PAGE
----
I'll grant you this: There are many forms of narrative, and they don't all have to be about whether life is hard or simple at the orphanage. One might imagine all sorts of character growth, coming of age, and so on. I've focussed rather narrowly on one type of narrative featuring an orphanage - but that is because ... the title specifically calls for a business model.

Let me pull something of your own out of the hat. You say you can't have a good, well-intentioned cleric also be a 'slave driver'. Well - yes you can. And there is a potentially great narrative there. If it's the only way our good cleric can keep these children alive - then possibly that's what he does. Maybe he cries every evening. Maybe he begs in the street, and implores the higher-up's of his church to help. Maybe he's sunk his own meagre wealth into trying to help. But in the end, it's a question of leaving them to die, or doing what he can to make ends meet.

So when the OP asks for a business model - sure you can handwave it. Absolutely anything is possible, maybe our good cleric is a former adventurer, and he just pays everything out of his own pockets because he has a dragon's hoard in the basement. But that's not an ideal solution, because there's no narrative tension to build on.

See? Now I explained anyhow. I did not want to. I hope this is sufficient explanation, because it's the last I'll say on it.

Segev
2019-06-28, 10:13 AM
See? Now I explained anyhow. I did not want to. I hope this is sufficient explanation, because it's the last I'll say on it.

Hm. Assuming I understand you as I think I do now, I still disagree with you, but you would rather not discuss it further, so I'll walk away and just accept that we have irreconcilable differences in how we view narrative and the world. :smallfrown:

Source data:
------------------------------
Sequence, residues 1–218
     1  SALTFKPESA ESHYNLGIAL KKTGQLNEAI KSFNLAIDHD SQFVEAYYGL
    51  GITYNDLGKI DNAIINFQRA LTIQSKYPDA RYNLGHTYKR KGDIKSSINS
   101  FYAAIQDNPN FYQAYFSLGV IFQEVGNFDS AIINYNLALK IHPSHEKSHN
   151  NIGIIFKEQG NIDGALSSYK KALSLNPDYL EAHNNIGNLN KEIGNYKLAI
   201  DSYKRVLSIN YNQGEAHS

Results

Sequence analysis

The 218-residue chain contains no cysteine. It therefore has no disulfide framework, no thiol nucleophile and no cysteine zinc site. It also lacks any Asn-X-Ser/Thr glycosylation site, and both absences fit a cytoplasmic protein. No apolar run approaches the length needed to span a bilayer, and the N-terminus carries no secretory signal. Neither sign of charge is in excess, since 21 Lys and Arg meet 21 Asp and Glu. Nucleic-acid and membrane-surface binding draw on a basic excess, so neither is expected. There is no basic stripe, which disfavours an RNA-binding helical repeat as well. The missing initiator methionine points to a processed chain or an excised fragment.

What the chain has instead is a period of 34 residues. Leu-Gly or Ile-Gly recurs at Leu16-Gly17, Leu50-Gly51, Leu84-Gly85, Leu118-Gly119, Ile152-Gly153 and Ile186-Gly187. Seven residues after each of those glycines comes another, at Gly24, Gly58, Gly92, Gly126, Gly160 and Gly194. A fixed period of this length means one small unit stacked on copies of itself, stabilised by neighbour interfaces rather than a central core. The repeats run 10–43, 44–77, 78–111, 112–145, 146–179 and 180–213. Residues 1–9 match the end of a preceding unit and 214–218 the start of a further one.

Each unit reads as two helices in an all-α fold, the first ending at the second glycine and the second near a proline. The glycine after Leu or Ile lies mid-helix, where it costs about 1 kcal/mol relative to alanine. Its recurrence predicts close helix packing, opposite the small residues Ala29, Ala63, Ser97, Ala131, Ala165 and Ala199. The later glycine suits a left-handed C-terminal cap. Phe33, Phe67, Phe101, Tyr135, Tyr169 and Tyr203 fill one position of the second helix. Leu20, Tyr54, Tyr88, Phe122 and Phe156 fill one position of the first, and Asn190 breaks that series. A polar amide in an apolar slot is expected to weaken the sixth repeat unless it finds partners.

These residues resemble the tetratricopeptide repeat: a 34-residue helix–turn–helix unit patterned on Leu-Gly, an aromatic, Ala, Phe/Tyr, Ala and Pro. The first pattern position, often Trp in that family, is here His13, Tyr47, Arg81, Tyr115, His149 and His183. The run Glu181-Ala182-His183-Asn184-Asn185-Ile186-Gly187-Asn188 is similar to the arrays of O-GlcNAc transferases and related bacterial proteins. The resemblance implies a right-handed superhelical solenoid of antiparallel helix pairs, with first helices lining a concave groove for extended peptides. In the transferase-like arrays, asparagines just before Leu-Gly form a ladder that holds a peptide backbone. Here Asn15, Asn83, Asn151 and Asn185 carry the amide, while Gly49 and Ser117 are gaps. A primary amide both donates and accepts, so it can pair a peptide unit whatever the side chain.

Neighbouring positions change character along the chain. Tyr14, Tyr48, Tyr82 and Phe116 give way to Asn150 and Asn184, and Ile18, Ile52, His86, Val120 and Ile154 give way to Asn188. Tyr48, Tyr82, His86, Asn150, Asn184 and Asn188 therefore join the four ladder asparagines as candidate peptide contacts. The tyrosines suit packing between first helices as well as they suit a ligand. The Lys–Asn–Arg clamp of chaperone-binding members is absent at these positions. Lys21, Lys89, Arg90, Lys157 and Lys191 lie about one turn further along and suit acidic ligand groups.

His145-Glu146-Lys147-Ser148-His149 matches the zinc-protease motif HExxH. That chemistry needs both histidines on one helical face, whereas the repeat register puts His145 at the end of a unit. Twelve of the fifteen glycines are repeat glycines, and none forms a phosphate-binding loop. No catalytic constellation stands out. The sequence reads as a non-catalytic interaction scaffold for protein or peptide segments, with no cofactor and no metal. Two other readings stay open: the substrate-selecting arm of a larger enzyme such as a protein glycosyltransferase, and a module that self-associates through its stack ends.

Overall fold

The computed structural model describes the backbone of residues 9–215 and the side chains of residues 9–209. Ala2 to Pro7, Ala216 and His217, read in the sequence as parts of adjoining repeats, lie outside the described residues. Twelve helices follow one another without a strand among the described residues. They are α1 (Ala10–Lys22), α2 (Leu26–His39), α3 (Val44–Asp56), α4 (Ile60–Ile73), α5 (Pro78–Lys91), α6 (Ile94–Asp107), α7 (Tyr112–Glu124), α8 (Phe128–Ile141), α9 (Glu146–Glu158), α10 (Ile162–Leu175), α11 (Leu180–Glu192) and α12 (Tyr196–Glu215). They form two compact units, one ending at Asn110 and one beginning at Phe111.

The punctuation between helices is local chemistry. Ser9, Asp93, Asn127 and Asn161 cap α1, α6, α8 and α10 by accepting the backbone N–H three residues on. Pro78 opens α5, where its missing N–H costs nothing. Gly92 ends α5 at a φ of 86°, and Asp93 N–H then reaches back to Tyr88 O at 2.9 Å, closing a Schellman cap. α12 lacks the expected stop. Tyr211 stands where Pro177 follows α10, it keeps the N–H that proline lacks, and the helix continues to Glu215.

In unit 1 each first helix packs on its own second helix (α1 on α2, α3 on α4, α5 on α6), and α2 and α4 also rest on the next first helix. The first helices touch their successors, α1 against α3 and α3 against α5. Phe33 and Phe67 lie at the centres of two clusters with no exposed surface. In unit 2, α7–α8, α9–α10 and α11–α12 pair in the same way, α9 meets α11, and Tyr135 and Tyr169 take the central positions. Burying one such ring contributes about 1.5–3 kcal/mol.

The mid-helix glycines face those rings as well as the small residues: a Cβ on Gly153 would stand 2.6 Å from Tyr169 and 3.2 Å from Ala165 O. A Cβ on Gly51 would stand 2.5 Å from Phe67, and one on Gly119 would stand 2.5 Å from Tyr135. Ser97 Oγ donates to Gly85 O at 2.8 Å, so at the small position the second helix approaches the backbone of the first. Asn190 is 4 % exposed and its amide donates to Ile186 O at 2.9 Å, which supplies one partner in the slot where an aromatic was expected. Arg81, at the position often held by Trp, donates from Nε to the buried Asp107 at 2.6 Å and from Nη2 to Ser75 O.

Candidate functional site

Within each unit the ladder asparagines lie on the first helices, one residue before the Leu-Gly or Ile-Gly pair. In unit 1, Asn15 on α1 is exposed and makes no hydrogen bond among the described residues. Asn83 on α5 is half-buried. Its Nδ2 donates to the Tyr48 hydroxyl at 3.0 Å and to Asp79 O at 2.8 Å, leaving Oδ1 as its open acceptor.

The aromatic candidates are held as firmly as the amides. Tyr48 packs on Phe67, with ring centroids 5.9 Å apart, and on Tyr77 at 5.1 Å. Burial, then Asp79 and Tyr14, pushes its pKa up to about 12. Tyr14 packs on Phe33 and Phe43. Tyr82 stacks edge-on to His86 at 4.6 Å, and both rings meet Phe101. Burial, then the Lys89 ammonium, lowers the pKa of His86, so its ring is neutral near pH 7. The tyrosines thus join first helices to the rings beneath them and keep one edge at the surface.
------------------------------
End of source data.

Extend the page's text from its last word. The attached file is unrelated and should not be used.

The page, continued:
Edit to add:

Anyway, on the subject of a business model, the question Kaptin Keen has raised is a good one: do you want the business model to be a source of narrative tension in its own right, or are you just looking for something believable for a priest of an NG god of nature to adhere to in running an orphanage? Because, as has been discussed, you can have anything from "comfortable caregiving" to "hard-knock life" even with a Good caregiver.

Kaptin Keen
2019-06-28, 12:15 PM
Hm. Assuming I understand you as I think I do now, I still disagree with you, but you would rather not discuss it further, so I'll walk away and just accept that we have irreconcilable differences in how we view narrative and the world. :smallfrown:

Disagreement is welcome. And having opinions on narrative is also a good thing. The world too, for that matter. For what it's worth, I'm well aware (at least when I think about it) that I tend to consider my reasoning to be obvious - which means I skip straight to the conclusion, convinced everyone will know what I mean, without explaining how I got there. Anyone is welcome to disagree with me, but if someone doesn't get my meaning, I'm often frustrated trying to figure out which part of my (unstated) reasoning it is I need to explain. If I even remember.

Beleriphon
2019-06-28, 02:21 PM
A thought for this orphanage, as its run by a priest of Chauntea. Where is it in the Realms? Being in the Dales is different than being in Cormyr is different than being in Waterdeep.

Lord Torath
2019-06-28, 03:54 PM
I'm surprised no one's suggested Miss Hatie's Home for Girls (https://www.youtube.com/watch?v=ej6dxNrh3Dc) as a model. :smallbiggrin:

The orphanage in The Chronicles of Elantra (https://michellesagara.com/series/chronicles_of_elantra/) (Cast in <fill in the blank>) is funded by donations from members of the community, even fraudulent fortune-tellers.

Jay R
2019-06-28, 07:01 PM
Throughout history, an orphanage does not create money. It uses money to create adults out of outcast kids.

So the only two business models for an orphanage that actually work are:

1. The selfless desire to burn money in order to help kids grow up, and
2. The ability to exploit growing children. This can be a thieves' school, as in Oliver Twist, selling them out for work, as in the Sharpe novels or the movie Newsies, or any other way to exploit them directly.